The effects of local anesthetics (ketamine HCl, lidocaine HCl, procaine HCl, and tetracaine HCl) on stage 8 (four‐somite) chick embryos were investigated. In general embryos responded to drug treatment in a dose related manner during the first 6 hr of incubation. Concentrations of 500 μg/ml (ca. 2 mM) or higher were embryolethal, whereas 100–200 μg/ml (0.1–0.8 mM) preferentially inhibited elevation of neural folds. The latter effect was detectable within 3 hr of treatment and was readily reversible. Tetracaine was the most potent among the four local anesthetics tested at any given dose. Compared to controls, cells in the defective neuroepithelium were less elongated and exhibited smoother apical (luminal) surfaces, thinner microfilament bundles, and less intense actin‐specific fluorescence. Furthermore, the effects of local anesthetics (100–200 μg/ml) on stage 8 chick embryos were not identical to those of cytochalasin D (0.05 μg/ml), colchicine (1 μg/ml), or ionophore A23187 (25 μg/ml), although all treatments produced neural tube defects. Overall results suggest that local anesthetics inhibit closure of the neural tube through their disruptive action on the organization and function of microfilaments in developing neuroepithelial cells.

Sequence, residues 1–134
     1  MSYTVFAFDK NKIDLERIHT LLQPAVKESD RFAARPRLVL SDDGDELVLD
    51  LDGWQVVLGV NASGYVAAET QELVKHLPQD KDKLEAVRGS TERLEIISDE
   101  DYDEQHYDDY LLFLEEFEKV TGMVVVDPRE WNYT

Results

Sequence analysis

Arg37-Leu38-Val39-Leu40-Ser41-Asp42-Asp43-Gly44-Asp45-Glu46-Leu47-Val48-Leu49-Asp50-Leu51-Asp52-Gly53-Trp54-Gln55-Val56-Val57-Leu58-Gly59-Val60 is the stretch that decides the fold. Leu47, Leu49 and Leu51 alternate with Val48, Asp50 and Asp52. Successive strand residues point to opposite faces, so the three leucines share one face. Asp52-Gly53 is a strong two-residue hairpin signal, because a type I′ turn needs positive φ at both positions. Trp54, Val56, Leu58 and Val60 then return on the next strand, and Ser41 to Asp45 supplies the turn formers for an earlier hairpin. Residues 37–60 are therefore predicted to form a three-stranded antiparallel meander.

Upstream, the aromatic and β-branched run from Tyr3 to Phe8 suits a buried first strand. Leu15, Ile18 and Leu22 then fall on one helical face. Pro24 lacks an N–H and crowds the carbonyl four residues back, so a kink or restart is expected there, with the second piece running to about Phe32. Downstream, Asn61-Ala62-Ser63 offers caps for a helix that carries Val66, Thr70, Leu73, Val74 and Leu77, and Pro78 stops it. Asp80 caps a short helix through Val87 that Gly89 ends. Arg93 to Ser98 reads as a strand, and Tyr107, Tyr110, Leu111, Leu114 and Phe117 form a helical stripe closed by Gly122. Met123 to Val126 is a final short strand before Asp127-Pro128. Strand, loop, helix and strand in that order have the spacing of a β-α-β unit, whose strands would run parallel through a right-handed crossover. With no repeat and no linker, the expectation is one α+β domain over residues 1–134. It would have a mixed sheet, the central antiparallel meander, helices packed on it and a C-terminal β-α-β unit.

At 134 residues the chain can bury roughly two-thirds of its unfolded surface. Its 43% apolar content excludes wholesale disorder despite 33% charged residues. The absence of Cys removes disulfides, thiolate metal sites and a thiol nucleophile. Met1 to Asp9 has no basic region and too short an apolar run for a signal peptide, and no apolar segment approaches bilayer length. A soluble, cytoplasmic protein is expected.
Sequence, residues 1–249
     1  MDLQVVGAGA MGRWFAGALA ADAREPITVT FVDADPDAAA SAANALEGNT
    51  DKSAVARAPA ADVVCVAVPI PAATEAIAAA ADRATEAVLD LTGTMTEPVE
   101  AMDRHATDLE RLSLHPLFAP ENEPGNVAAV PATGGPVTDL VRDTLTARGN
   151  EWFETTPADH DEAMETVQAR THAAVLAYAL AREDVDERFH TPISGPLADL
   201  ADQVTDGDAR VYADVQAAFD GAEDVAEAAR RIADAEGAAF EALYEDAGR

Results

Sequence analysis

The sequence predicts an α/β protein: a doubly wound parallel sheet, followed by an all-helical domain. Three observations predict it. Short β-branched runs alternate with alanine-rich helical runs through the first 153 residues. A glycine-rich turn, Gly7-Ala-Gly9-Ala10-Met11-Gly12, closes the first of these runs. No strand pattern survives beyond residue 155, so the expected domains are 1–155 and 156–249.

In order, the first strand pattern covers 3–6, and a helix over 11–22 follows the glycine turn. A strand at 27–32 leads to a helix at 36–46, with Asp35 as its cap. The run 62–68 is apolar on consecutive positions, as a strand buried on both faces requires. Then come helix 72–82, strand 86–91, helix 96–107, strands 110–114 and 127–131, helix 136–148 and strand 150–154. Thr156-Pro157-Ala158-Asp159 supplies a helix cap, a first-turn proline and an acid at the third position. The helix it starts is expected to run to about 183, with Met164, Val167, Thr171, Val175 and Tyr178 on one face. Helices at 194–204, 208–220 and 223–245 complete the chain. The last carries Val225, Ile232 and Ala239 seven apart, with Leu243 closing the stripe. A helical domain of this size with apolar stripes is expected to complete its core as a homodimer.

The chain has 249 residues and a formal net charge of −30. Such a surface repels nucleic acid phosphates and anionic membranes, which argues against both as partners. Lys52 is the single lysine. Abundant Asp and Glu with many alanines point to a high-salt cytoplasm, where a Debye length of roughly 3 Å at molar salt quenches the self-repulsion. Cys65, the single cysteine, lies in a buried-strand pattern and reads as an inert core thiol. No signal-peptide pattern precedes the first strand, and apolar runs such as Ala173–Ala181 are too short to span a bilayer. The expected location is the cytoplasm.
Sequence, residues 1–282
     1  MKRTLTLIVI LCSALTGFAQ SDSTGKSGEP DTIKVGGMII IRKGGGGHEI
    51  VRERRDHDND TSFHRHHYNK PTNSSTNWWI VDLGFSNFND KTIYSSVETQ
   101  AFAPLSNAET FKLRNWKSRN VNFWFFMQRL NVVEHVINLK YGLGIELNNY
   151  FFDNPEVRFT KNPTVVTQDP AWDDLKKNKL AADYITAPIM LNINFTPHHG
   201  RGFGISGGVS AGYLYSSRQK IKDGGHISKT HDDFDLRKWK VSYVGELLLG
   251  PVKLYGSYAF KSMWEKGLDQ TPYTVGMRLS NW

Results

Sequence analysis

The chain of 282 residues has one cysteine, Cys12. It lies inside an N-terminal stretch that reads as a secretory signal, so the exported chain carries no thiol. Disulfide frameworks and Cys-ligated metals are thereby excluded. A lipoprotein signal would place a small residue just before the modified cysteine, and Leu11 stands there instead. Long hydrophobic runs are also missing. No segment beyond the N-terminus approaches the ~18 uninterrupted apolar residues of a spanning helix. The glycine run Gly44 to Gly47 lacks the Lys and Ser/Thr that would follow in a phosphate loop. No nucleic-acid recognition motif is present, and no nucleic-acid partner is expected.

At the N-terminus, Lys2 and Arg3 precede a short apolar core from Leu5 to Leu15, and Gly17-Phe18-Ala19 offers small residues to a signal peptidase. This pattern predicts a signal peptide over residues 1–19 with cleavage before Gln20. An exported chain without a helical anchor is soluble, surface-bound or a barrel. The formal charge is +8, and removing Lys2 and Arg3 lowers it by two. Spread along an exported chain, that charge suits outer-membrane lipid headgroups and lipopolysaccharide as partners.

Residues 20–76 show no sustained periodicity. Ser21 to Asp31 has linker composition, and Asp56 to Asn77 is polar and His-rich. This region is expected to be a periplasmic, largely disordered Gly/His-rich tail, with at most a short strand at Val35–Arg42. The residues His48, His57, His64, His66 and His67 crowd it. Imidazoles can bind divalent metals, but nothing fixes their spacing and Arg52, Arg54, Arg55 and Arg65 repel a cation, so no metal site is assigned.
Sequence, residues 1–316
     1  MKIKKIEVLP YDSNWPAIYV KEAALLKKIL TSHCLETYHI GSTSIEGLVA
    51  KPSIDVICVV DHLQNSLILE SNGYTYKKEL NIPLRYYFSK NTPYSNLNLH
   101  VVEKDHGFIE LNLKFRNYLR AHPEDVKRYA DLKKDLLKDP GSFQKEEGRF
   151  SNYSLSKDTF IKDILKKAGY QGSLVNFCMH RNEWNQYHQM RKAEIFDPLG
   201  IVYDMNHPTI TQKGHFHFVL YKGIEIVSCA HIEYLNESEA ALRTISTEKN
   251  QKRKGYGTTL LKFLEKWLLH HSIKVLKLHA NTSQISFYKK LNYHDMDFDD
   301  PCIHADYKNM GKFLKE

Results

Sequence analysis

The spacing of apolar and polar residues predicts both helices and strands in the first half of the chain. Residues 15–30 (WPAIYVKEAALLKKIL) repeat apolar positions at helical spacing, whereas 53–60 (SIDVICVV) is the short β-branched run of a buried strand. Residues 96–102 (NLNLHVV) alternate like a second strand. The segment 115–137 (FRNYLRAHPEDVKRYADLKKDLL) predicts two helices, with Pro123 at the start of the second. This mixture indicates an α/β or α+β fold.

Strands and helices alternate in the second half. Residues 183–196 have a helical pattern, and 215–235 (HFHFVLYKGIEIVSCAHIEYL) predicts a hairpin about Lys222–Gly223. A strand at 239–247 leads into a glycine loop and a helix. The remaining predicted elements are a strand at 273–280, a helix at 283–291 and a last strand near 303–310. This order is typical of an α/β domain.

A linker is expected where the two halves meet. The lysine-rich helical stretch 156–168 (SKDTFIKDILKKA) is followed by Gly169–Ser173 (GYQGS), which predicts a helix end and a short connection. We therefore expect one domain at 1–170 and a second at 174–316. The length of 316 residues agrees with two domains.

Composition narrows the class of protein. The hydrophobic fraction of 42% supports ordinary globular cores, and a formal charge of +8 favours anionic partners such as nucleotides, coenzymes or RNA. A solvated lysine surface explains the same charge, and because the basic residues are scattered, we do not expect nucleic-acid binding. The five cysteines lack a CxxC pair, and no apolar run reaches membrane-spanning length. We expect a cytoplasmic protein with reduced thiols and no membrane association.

All Science Journal Classification (ASJC) codes
- Developmental Biology
- Health, Toxicology and Mutagenesis